Porcelain veneers are a more long-lasting solution. These wafer-thin coverings go over the entire front surface of the tooth, and can resolve a number of defects — including chips, discoloration, and even minor size or spacing irregularities. You can get a single veneer or have your whole smile redone, in shades ranging from a pearly luster to an ultra-bright white; that's why veneers are a favorite of Hollywood stars. Getting veneers is a procedure that takes several office visits, but the beautiful results can last for many years.
If a chip or crack extends into the inner part of a tooth, you'll probably need a crown (or cap) to restore the tooth's function and appearance. As long as the roots are healthy, the entire part of the tooth above the gum line can be replaced with a natural-looking restoration. You may also need a root canal to remove the damaged pulp material and prevent infection if the fracture went too far. While small chips or cracks aren't usually an emergency (unless accompanied by pain), damage to the tooth's pulp requires prompt attention.
If you have questions about smile restoration, please contact us and schedule an appointment. You can read more in the Dear Doctor magazine articles “Porcelain Veneers: Strength & Beauty As Never Before” and “Porcelain Crowns & Veneers.”
While the term “plastic surgery” might bring to mind face lifts or tummy tucks, not all procedures in this particular surgical field are strictly cosmetic. Some can make a big difference in a person’s health.
One example is periodontal plastic surgery, which corrects gum tissue loss around the teeth. Although these procedures can indeed improve appearance, they more importantly help save teeth.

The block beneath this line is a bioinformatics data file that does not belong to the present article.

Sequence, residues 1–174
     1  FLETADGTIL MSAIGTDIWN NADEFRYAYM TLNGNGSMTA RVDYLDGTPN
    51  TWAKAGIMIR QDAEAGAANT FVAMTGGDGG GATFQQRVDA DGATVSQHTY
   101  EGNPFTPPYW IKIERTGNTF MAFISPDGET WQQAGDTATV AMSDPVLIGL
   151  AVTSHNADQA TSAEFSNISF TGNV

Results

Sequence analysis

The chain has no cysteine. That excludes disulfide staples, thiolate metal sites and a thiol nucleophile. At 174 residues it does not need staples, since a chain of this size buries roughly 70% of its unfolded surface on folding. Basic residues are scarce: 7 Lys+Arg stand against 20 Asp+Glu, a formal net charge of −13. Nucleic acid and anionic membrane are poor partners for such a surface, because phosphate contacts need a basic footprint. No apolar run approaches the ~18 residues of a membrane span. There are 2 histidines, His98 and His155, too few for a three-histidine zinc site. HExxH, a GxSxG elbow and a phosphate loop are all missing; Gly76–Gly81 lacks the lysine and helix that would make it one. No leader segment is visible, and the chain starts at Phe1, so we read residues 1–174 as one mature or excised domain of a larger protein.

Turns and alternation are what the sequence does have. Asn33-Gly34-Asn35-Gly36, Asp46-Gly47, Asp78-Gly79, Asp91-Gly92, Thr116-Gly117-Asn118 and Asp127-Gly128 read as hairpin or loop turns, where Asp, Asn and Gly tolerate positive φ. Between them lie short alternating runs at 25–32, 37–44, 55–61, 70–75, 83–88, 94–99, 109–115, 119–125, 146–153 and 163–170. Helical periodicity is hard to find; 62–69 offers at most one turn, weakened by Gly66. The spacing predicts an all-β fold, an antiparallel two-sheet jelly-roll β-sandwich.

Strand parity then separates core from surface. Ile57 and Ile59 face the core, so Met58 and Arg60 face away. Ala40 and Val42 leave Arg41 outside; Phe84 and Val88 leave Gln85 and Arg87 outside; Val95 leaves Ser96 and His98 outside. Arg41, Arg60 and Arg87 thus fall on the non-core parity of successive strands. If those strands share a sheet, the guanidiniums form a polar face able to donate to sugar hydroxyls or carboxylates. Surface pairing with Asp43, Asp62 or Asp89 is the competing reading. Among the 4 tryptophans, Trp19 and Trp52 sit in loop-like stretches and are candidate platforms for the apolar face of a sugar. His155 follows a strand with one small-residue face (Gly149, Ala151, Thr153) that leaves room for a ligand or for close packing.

Gum loss is most often a consequence of periodontal (gum) disease, a bacterial infection arising from a thin film of food particles on the teeth called dental plaque. As the disease weakens the gums’ attachment to teeth, they shrink back or recede, exposing the area around the roots. Without the protective cover the gums provide the roots, they become more susceptible to decay.
In milder cases of gum recession, treating the infection often results in the gums regaining their normal attachment to teeth. But with more advanced recession, natural gum healing may not be enough to reverse it. For such situations grafting donor tissue to the recessed area can help stimulate new tissue growth.
While gum tissue grafts can come from an animal or other human, the most likely source is from the person themselves. In one type of procedure, free gingival grafting, the surgeon locates and completely removes (or “frees”) a thin layer of skin resembling gum tissue, typically from the roof of the mouth, shapes it and then transplants it by suturing it to the recession site. Both donor and recipient sites heal at about the same rate in two to three weeks.
Another technique is known as connective tissue grafting. In this procedure the surgeon partially removes the donor tissue from its site while leaving a portion containing blood vessels intact. The palatal tissue is still used and transported to fit beneath the tissue that’s still attached to the blood supply. This connective tissue graft is then positioned and sutured to the recipient site while still maintaining its blood supply connection at the donor site. Maintaining this connection facilitates healing and increases the chances the graft will “take” and become firmly attached to the new site.
Grafting procedures require advanced techniques and skills. But with them we may be able to restore gum attachment to teeth with an impact on appearance and dental health that’s well worth the effort.
If you would like more information on treating gum disease, please contact us or schedule an appointment for a consultation. You can also learn more about this topic by reading the Dear Doctor magazine article “Periodontal Plastic Surgery.”